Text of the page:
Check your email at the address you used in step 21. You should see a message with the subject [PGP Global Directory] Verify Your Key.
Open that message and click the Complete the Verification Process button, as shown to the right on this page.
A Web page opens with the title Verify Your Key as shown to the right on this page. Click the Accept button.
The next window is titled Email Address Confirmed and it gives you a chance to download a verification key. You can just ignore that and close the browser – the verification key is not required for this assignment.
Importing a Public Key from keyserver.pgp.com
In the PGP Desktop – All Keys window, in the left pane, click Search for Keys.
A Search for Keys pane opens at the top of the PGP Desktop – All Keys window. Leave the first two boxes set at the defaults, which create the phrase Search everywhere for keys that meet all of the following conditions:
In the third line, there are three boxes. In the first box, select Email. Leave the second box set to Contains and in the third box, enter email@example.com. Your Search for Keys pane should look like the figure to the right on this page.
Click the Search button. CNIT 131 should appear in the lower portion of the window.
Right-click CNIT 131 and select Add To, All Keys.
Encrypting a Text File
Click Start, All Programs, Accessories, Notepad. Type in your name, as shown to the right on this page, and save the file as hw15 on your floppy disk, or in any other folder you can find, such as the My Documents folder.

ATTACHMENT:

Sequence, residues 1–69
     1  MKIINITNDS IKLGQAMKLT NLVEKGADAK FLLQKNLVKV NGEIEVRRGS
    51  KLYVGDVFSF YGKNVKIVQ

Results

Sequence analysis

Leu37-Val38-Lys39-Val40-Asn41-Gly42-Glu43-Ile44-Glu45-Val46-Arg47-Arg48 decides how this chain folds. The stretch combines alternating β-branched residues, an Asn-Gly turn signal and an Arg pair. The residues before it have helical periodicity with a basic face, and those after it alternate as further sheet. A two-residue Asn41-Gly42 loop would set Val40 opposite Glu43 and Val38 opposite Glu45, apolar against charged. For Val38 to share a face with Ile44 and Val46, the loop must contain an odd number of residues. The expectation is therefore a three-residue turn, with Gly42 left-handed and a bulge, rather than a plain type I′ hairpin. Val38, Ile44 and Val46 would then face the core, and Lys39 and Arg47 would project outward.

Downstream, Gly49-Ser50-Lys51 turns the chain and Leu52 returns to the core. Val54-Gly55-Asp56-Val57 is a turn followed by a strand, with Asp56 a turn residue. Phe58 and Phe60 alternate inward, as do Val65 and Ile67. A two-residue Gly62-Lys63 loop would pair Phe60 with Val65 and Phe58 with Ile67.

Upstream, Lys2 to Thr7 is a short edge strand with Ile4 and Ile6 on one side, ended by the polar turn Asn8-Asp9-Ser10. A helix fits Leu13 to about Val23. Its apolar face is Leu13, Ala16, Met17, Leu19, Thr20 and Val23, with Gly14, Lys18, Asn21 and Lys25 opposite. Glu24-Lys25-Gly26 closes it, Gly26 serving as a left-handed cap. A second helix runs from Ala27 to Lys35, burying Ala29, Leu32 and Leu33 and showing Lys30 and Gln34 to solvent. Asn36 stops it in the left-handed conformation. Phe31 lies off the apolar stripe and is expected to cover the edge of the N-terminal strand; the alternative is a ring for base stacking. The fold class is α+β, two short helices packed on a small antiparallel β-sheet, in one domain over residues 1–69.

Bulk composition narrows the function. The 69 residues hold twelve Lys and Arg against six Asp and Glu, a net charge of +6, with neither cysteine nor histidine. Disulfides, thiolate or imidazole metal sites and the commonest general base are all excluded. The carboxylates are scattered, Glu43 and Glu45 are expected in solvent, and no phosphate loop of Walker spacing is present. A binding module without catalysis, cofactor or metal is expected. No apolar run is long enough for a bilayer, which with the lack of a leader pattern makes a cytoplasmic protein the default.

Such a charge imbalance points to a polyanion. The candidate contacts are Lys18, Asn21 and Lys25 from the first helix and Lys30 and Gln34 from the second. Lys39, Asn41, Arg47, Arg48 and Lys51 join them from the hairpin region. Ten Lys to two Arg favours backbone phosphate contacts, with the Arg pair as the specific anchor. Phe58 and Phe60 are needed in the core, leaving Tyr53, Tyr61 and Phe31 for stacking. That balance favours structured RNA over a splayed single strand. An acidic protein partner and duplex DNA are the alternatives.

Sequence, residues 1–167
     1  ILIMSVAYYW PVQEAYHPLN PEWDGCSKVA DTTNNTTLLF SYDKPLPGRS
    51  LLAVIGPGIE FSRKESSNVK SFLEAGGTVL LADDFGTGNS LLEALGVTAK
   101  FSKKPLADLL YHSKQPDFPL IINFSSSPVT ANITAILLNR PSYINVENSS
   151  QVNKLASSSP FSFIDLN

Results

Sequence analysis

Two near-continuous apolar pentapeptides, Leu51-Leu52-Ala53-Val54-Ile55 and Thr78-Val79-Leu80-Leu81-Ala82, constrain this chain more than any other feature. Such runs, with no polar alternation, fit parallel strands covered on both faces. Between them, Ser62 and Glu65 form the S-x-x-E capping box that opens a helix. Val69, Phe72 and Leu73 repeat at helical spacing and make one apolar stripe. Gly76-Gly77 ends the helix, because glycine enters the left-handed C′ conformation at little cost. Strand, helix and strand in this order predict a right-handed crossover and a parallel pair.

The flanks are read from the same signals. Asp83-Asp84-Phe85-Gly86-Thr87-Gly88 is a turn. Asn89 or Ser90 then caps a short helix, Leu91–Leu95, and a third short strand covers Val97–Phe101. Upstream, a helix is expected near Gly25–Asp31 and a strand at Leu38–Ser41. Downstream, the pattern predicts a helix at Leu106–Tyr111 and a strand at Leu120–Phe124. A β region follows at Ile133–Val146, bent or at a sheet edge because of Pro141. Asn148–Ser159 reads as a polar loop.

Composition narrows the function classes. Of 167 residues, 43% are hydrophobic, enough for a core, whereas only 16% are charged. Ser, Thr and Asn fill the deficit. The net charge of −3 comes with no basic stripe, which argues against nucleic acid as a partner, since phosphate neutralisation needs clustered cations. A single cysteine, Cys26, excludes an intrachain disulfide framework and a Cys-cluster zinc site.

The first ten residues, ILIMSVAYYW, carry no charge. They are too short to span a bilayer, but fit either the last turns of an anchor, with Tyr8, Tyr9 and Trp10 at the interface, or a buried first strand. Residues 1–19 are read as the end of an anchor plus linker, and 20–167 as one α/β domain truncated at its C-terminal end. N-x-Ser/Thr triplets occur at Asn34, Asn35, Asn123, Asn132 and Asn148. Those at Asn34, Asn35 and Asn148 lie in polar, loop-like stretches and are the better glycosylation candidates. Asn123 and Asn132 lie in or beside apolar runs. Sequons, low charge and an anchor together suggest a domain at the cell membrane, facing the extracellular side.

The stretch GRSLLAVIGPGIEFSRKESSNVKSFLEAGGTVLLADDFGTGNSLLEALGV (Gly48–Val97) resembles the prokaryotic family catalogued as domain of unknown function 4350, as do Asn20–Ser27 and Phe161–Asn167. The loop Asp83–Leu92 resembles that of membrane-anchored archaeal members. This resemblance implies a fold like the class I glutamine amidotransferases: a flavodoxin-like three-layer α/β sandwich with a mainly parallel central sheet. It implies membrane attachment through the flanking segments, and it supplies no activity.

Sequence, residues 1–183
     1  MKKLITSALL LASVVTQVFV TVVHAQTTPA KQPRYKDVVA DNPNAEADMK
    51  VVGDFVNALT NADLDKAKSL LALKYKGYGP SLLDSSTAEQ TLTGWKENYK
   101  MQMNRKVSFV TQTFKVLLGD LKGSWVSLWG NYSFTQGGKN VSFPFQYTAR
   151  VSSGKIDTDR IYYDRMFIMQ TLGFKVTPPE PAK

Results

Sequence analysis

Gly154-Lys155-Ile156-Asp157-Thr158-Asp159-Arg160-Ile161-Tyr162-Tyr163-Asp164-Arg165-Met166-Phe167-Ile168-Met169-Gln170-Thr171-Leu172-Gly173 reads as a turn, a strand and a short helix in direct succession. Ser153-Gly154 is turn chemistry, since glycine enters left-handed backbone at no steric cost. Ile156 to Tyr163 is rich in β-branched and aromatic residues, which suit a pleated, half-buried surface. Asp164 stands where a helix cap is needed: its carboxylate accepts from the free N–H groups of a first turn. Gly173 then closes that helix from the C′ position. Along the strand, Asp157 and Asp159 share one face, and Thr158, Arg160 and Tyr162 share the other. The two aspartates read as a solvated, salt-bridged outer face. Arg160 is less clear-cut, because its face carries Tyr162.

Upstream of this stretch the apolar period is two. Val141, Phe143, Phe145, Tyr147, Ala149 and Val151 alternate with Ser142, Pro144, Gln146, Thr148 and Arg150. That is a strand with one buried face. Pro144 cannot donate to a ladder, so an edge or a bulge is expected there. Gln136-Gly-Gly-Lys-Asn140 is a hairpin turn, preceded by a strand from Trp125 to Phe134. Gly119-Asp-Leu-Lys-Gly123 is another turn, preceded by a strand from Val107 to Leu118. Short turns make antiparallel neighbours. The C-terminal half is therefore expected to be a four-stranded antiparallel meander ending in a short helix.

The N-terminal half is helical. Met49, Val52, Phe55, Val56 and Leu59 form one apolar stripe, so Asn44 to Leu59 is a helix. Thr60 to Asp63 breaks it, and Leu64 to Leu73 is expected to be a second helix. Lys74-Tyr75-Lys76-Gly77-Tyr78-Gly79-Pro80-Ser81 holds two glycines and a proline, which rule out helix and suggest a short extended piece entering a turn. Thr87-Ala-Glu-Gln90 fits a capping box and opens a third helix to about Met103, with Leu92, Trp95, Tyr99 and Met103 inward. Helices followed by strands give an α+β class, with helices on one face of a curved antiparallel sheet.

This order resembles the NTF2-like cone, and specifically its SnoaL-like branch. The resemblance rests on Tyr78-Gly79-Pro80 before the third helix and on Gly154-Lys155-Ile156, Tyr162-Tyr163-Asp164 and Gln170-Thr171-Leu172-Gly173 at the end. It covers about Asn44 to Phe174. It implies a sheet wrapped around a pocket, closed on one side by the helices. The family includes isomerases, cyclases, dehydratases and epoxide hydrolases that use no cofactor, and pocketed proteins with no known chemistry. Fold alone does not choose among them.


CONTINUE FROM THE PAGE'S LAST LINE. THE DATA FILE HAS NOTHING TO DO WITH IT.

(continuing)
Open the folder containing the hw15 file. Right-click the hw15 file and select PGP, PGP Zip, Encrypt & Sign as shown to the right on this page.
In the PGP Desktop – Key Selection Dialog box, drag CNIT 131 from the upper pane to the lower Recipients list, as shown to the right on this page. This means the file will be encrypted using my public key that you just imported, so I can read it. Your name will also appear in the Recipients list—that way you can read your copy of the email. Click the OK button.
A PGP Desktop – Enter Passphrase box opens, but you won’t have to enter it because it was cached earlier. Click the OK button.
A hw15.txt file will appear on your diskette, with an icon showing a lock, and the file type PGP Encrypted File, as shown to the right on this page.
To see what the encryption has accomplished, right-click this file and select Open With …, NotePad. (You may have to select Choose Program and select NotePad from a list.)
You can see that the file is utterly unreadable, as shown to the right on this page. Close Notepad.
Emailing the Encrypted Text File to Me
Use any email client of your choice to mail the hw15.txt.pgp file to me as an attachment. My address is CNIT.firstname.lastname@example.org. Use a subject line of HW15 from Your Name.
Read your email. Within a few days, I will reply to your email, and I will include an attachment with the secret instructions you need to use to complete this assignment. Save the attachment on a floppy disk, or any other folder of your choice.
Right-click the padlock icon in the notification area at the lower-right corner of your desktop and select Open PGP Desktop. Verify that your key is shown in the list. If it is not, select File, Import and import the key from the floppy disk you saved it on.
Open the floppy disk (or the other folder you saved my attachment in). Double-click the encrypted file. PGP Desktop should open showing that the secret.txt file was Decrypted and Verified, as shown to the right on this page.
In the lower pane of the PGP Desktop window, right-click the secret.txt file and select Extract. Enter your passphrase if you are prompted to.
In the Browse for Folder box, select the desktop or any other location of your choice for the decrypted file, and click OK.
Open the decrypted file and send the secret word inside it back to me to complete the assignment.